Tell us a little about yourself and how you started writing.
I’m from Hastings, Minnesota, and my family struggled financially for most of my early childhood. My mom, already a big reader, returned to college when I was a kid to complete her English degree (which, despite the opinions of some journalists, would help our family finances substantially). She’d encouraged me to love books since I was a baby, but when she’d read her homework assignments as bedtime stories, her love of reading and writing seeped into me. I started writing stories shortly afterward, just to impress her.
What are some things you enjoy when not writing?
Books, sports, wine, beer, traveling with my family.
Do you have a particular writing routine?
Write whenever my toddler is sleeping or at preschool, that’s my routine.
Is there anything major that changed in this novel from when you first plotted it out?
Wow, quite a bit. The order of the chapters changed dramatically, but settled into its current form early in the revision process. There also used to be a lot more time spent with Ned while he was in college. All of that’s gone. There were more recipes and menus. Most were stripped out.
Finish this: “I can’t write without…”
What career did you think you’d have as an adult?
I hoped I’d have this one, but as I kid, I think I believed I’d end up in advertising, which I’ve never done.
What is something about you that would surprise people?
My first paid job was as a professional baseball statician for STATS, Inc. I applied for the job via mail and aced their application process. They had no idea how old I was until they called me to tell me I had the job.
Do you have a ‘day job’ as well?
Not since 2014, and I feel extremely fortunate to say so. Every day I wake up and I still can’t believe it. There’s been some lean years along the way, but I feel incredibly humbled and grateful. I’ll say this – the work never stops.
What was the original title of this book?
Luckily, this book never had another title. That was also the case with Kitchens of the Great Midwest. Both titles came to me early and stuck. I love it when that happens, because titles are so difficult. When I was a young writer, if I’d think of a good title, I’d come up with a story to go with it – just to not waste it.
Where do you get your ideas, or what inspired this book plot?
This one was inspired by a lot of things – becoming a father for the first time, my mother’s experiences as a waitress at Perkins, my own summer job at a supper club on high school, and unpacking the causes of inherited trauma while searching for paths to its cessation.
Do you have a manuscript(s) in your drawer? If so, will it ever see the light of day?
Yes and no! Never!
If I wasn’t an author, I might be…?
Wow, probably back working in television in some capacity, which is what I did before I sold my first book.
If you have written more than one book, which story would you choose to live?
Whoa, that’s tough. Maybe Lager Queen?
Do you have a go-to first reader after you feel your manuscript is ready?
Yes, my partner of ten years, Brooke Delaney. I could not do any of this without her.
Is there a particular author or book that influenced or inspired your writing or decision to write?
Early on, I was influenced by Ben Katchor and Denis Johnson, and I was fortunate to have met them both. Later, the short stories of Alice Munro – and her rural Canadian settings – unlocked what I could do with my Midwest settings.
What is a bestselling book you’ve been itching to read?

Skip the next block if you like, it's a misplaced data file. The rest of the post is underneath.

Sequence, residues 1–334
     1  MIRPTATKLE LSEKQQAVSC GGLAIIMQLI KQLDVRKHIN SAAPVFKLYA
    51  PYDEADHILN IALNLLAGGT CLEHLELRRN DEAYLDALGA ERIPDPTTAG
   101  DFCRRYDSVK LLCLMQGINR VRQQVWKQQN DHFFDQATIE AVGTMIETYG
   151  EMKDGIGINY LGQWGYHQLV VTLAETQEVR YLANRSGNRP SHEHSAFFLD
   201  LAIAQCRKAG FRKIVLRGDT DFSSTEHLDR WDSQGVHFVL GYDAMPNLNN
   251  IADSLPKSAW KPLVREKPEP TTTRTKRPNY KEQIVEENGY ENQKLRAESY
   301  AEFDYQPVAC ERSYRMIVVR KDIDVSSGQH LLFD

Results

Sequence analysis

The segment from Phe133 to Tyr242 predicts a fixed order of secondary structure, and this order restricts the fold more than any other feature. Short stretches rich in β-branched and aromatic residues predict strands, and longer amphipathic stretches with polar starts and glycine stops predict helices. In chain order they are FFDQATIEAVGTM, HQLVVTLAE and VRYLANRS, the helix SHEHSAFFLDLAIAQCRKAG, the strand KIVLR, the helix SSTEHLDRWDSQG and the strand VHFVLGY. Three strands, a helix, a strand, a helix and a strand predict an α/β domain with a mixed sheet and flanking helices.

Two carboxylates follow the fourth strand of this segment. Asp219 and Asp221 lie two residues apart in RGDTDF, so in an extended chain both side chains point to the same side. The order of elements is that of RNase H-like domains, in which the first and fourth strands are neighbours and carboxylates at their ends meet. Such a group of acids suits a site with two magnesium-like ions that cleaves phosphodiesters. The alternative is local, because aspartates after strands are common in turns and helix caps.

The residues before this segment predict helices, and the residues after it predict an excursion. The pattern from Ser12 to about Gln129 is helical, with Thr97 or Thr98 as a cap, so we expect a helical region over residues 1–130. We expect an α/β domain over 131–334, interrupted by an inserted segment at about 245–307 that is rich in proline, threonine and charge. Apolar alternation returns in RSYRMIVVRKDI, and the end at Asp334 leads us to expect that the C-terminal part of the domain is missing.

Quite a few. I’m finally reading The Overstory by Richard Powers. Demon Copperhead by Barbara Kingsolver may be next, along with the newest Jennifer Egan.
Is anything in your book based on real-life experiences?
Yes, I put some of the memories I had of my supper club work experience in this book, and interviewed my old boss, Mike Rowan, for some of his stories.
Do you have a favorite chapter or scene?
I like the scene where Ned orders popcorn at Metropolitan Stadium.
Do you have a favorite character?
All of them. But Julia stands out. Her chapters are my favorites of the book.
What was some unique research you had to do for a book?
I got to interview Sean Sherman (of Owamni in Minneapolis) to get the details right for the Native restaurant in my own novel. Owamni hadn’t opened yet, so there was no template for the success of such a restaurant in Minnesota, but I was optimistic.
Do you have any advice for aspiring writers?
There is no single path to follow, and some of my favorite debut novels have come from authors over 50.
What are the downfalls of your writing career? The best parts?
Sometimes it requires me to spend a lot of time away from my family, which is tough – and my son is too young to tolerate, let alone enjoy, the strenuous book tours I commit to. Also, some years are better than other financially – any year I haven’t sold a book or had a book published can be pretty lean; I had to develop a financial acumen and budget accordingly.
The best parts? Waking up in the morning and writing, again and again. Hearing from readers and meeting them. Communicating with my mom through my work and keeping her alive in my characters.
Favorite band or music?
My favorite bands are Radiohead and R.E.M. – and I’m afraid that’s been true for about 25 years. I listen to ambient or downtempo minimalist music when I write, though – stuff like Stars of the Lid, Aphex Twin, Rachel’s, Brian Eno, Harold Budd, Lucinda Chua, Max Richter, Ai Yamamoto, and Morton Feldman.
Place you’d like to travel?
Wow, so many. Top of the list might be Honshu. I’ve been to Japan, but only Okinawa.
Is there anything you’d like to say to your readers and fans?
Thank you so much – especially to those of who are teachers and librarians. I’m able to do what I do today because of you.
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